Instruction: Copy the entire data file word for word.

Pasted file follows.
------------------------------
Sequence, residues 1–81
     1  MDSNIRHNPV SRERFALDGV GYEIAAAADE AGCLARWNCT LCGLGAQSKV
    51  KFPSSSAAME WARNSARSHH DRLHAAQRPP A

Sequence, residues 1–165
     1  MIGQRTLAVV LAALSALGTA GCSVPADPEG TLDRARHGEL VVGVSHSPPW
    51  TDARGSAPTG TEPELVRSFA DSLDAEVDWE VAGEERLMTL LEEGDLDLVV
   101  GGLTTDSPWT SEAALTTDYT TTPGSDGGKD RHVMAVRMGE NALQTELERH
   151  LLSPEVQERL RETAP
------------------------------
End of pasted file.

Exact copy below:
Sequence, residues 1–81
     1  MDSNIRHNPV SRERFALDGV GYEIAAAADE AGCLARWNCT LCGLGAQSKV
    51  KFPSSSAAME WARNSARSHH DRLHAAQRPP A

Sequence, residues 1–165
     1  MIGQRTLAVV LAALSALGTA GCSVPADPEG TLDRARHGEL VVGVSHSPPW
    51  TDARGSAPTG TEPELVRSFA DSLDAEVDWE VAGEERLMTL LEEGDLDLVV
   101  GGLTTDSPWT SEAALTTDYT TTPGSDGGKD RHVMAVRMGE NALQTELERH
   151  LLSPEVQERL RETAP